At Flodden, casting the flowers of the field held a particular resonance because of the song ‘The Floo’ers o’the Forest’ which was written as a lament for the Scots killed in the battle. First recorded in c.1615 it is thought to have been composed earlier. The tune is usually only played at funerals by a lone-piper (as at Prince Philip’s earlier this year) and commemorations. Alongside the photos plays a recording of a solo piper playing the tune during the annual commemoration service on 09/09/21. The lyrics are in Scots and given below the photos. The term 'casting' also has resonance with the Flodden story as remembered by one of the Border towns. Selkirk’s Casting of the Colours commemorates the return of a single surviving soldier after the battle, Fletcher, as part of the towns annual Common Riding (a horse-backed boundary marking festival), His 79 comrades were all slain and on his return to the town with a banner captured from the English, his is said to have cast it to the ground in his despair and exhaustion.
The casting process is very trail and error on a large piece and my first attempt fractured into many pieces. The second attempt also fractured but less so and I have decided that I will incorporate the repaired fractures as part of the final work to reflect the work of the ecomuseum project in bringing together communities in the spirit of peace and reconciliation over a past pain that still leaves it mark on contemporary culture. In an idea similar to the Japanese philosophy of kintsugi, which highlights ware and breakages on pottery with precious metal as a metaphor for acknowledgements of events in life and how it affects us, remembering yet moving forward together. This on-going art project will be developed over the course of my research.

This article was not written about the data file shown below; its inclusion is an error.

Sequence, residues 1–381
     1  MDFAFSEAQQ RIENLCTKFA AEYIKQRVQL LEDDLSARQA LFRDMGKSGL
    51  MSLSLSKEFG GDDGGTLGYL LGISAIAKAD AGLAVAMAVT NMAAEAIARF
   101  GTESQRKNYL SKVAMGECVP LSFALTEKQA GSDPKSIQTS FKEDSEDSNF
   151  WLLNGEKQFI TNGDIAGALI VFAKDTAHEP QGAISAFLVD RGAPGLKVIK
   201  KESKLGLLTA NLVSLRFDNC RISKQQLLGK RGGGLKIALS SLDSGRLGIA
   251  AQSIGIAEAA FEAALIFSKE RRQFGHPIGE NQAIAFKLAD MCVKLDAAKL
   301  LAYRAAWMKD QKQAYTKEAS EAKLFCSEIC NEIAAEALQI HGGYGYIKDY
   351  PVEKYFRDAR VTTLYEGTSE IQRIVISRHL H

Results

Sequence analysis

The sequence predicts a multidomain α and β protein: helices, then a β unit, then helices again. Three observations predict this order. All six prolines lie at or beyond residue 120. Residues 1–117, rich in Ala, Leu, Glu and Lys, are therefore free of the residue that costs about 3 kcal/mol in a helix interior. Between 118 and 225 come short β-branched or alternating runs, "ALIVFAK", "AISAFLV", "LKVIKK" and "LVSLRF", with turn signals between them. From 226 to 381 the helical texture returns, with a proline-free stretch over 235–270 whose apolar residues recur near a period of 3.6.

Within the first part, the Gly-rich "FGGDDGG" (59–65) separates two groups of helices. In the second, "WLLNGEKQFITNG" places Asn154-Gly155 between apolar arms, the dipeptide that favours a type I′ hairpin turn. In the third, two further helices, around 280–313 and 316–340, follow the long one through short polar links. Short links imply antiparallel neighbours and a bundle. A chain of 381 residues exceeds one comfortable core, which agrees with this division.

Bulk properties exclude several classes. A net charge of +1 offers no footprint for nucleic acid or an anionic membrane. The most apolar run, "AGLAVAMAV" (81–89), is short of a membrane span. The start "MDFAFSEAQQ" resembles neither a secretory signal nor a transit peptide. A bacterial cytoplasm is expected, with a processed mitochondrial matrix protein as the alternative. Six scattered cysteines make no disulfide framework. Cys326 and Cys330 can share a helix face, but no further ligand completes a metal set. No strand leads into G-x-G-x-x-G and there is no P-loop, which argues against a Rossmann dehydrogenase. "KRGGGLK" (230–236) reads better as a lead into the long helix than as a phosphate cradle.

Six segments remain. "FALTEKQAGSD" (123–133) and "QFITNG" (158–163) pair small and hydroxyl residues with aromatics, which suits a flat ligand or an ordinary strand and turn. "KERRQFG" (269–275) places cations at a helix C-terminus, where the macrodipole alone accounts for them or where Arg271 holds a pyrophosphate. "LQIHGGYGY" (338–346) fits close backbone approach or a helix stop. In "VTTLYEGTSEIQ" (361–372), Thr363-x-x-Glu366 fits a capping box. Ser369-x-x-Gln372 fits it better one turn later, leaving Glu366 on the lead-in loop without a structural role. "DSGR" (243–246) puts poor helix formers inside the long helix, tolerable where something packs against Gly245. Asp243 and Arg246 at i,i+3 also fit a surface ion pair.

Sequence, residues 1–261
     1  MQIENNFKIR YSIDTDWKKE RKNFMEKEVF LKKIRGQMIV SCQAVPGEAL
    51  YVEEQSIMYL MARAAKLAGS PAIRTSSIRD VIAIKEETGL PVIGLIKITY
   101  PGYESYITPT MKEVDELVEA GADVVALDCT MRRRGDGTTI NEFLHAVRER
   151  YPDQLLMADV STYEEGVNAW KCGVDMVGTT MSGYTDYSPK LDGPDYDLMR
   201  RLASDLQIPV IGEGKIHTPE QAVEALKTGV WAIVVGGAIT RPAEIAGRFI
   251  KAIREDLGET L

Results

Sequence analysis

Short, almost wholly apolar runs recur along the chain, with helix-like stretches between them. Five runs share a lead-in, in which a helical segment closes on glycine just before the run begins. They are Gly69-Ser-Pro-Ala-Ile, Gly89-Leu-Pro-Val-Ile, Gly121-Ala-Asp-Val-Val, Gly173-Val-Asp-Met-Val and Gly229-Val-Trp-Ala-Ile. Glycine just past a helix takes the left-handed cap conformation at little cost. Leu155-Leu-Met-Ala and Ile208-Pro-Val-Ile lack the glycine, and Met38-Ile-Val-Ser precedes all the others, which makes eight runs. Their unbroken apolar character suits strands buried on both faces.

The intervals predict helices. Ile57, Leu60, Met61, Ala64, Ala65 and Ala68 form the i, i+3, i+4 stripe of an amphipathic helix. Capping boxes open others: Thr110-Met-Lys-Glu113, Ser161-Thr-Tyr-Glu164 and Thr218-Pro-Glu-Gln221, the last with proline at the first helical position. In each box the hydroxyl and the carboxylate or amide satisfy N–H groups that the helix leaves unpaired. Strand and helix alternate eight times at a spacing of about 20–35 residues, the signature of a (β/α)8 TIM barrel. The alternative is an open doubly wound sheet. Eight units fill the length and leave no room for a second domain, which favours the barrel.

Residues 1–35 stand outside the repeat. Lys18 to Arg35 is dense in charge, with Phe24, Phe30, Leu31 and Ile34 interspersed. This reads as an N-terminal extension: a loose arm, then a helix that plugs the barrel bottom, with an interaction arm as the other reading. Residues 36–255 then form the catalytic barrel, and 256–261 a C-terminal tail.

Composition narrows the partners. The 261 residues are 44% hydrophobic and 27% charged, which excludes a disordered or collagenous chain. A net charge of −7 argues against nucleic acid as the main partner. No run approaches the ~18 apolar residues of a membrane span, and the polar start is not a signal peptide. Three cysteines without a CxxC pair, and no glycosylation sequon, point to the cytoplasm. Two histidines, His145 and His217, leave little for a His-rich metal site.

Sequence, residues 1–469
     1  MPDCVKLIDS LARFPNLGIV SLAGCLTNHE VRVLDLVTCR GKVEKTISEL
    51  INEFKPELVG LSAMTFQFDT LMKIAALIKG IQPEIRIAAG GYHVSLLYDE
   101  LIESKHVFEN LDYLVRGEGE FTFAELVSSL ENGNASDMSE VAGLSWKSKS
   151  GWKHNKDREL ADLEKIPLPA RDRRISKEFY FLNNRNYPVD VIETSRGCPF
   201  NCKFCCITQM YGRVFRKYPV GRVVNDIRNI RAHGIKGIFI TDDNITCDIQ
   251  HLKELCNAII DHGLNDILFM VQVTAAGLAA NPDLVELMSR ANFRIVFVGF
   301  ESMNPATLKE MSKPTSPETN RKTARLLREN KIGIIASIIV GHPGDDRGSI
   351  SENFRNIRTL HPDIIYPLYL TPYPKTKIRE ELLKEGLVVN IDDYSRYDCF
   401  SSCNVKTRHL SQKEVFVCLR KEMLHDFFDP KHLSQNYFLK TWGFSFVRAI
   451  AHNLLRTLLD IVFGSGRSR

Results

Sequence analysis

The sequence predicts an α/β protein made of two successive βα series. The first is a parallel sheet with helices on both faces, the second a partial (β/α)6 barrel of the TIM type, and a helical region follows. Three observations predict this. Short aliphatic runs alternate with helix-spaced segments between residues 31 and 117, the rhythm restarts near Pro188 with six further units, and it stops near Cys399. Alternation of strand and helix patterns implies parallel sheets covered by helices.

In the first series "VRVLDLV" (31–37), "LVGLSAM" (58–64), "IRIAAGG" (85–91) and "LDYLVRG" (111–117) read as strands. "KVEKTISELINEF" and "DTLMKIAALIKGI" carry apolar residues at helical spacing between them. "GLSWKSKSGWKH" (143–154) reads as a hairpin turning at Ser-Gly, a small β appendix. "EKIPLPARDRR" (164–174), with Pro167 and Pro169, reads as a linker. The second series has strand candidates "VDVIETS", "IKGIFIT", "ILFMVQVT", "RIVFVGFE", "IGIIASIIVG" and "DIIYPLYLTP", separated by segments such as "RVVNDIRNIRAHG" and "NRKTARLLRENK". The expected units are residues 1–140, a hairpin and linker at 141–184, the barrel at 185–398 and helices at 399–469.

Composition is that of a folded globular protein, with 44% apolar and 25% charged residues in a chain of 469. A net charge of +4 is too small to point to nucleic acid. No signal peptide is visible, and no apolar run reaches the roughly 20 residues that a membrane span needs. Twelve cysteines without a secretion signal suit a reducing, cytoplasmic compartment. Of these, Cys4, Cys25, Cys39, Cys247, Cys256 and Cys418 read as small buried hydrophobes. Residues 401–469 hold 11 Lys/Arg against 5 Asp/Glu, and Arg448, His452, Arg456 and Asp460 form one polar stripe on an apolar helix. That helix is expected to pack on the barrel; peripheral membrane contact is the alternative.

The Floo’ers o’the Forest
I’ve heard them lilting, at our yowe-milking, Lasses a-lilting afore the dawn o’ day; Noo they are moaning on ilka green loaning; “The Floo’ers o’ the Forest are a’ wede away.
As buchts, in the morning, nae blythe lads are scorning; The lasses are lonely and dowie and wae. Nae daffin’, nae gabbin’, but sighing and sobbing, Ilk ane lifts her leglen, and hies her away.
In hairst, at the shearing, nae youths now are jeering, The bandsters are lyart, and runkled and grey. At fair or at preaching, nae wooing, nae fleeching, The Floo’ers o’ the Forest are a’ wede away.
At e’en, in the gloaming, nae stossies are roaming, ‘Bout stacks wi’ the lasses at bogle to play. But ilk ane sits drearie, lamenting her dearie, The Floo’ers o’ the Forest are a’ wede away.
Dule and wae for the order sent our lads to the border; The English, for ance, by guile wan the day: The Floo’ers of the Forest, that foucht aye the foremost, The prime o’ our land are cauld in the clay.
We’ll hae nae mair lilting, at the yowe-milking, Women and bairns are dowie and wae. Sighing and moaning, on ilka green loaning, The Floo’ers of the forest are all wede away.